Resources for Emergency Management Graduate Students
Before starting graduate school, fill out the FAFSA to determine your aid eligibility. Eligible students may qualify for federally backed loans, grants, and work-study opportunities. Your age and work experience do not affect your aid eligibility.
FEMA employs thousands of emergency management professionals. On the FEMA Careers website, learn about open positions, post-graduate internships, fellowships, and volunteering opportunities. Many FEMA employees begin their careers as interns or fellows.
The United Nations' WHO assists nations undergoing humanitarian crises. On the WHO website, learn more about careers in international disaster management and the latest issues facing vulnerable countries.
Along with promoting blood donation, the American Red Cross provides relief when natural disasters strike. In addition to job openings, visitors can learn more about emergency management issues in their home communities.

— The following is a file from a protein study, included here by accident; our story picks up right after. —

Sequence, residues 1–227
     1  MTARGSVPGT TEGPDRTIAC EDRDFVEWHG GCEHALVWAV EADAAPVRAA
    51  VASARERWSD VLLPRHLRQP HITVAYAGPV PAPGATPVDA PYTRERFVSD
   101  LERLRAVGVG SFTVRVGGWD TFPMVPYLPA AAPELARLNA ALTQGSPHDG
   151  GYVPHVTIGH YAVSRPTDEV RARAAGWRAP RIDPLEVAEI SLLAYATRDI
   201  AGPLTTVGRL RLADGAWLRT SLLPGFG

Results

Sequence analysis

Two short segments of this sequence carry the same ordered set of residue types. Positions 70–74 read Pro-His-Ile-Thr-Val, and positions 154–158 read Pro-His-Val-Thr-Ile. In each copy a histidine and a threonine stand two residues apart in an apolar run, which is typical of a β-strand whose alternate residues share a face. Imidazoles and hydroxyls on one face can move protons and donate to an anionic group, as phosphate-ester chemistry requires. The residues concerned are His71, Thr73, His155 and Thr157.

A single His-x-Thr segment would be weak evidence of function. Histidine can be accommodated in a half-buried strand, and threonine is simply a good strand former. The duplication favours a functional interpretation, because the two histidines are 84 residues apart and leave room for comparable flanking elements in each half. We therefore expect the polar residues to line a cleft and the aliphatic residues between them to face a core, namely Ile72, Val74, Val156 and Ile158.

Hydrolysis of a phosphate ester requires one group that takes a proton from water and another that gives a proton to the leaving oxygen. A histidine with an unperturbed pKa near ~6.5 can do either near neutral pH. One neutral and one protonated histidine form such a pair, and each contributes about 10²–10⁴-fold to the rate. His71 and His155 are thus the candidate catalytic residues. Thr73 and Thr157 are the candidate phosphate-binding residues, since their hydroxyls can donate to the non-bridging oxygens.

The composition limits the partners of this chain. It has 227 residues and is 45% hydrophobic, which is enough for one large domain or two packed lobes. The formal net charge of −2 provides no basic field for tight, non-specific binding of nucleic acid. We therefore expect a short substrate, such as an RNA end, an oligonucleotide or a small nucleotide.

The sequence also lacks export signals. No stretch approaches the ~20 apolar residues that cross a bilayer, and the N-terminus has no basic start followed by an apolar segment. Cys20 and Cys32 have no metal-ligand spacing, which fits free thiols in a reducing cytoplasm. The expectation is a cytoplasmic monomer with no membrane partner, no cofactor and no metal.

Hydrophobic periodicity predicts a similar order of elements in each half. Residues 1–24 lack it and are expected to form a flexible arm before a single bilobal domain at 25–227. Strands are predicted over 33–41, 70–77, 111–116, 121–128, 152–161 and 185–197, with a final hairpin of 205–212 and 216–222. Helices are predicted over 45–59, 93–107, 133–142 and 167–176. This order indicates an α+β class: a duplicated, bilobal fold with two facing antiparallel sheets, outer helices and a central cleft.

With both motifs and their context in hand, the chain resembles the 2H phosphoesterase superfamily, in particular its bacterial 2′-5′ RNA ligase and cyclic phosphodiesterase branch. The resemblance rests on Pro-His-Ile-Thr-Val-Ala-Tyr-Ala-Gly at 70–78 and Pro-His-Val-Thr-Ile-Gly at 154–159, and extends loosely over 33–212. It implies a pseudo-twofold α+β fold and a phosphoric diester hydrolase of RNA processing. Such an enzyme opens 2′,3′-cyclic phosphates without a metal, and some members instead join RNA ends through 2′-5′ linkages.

An extension of FEMA, EMI offers training courses for emergency managers. Completing one or more EMI training programs can increase your job competitiveness or raise your salary potential. Graduate students may begin EMI coursework before finishing their master's programs.
Professional Organizations in Emergency Management
Emergency managers join one or more professional organizations that represent their profession's employees and institutions. Although most organizations charge an annual fee, membership provides a host of benefits such as job boards, insurance, and professional development opportunities. Most importantly, these organizations allow members to network and build valuable relationships. Also, many of them allow undergraduate and graduate students to join. During your graduate education, consider joining a couple of organizations that match your interests and career goals.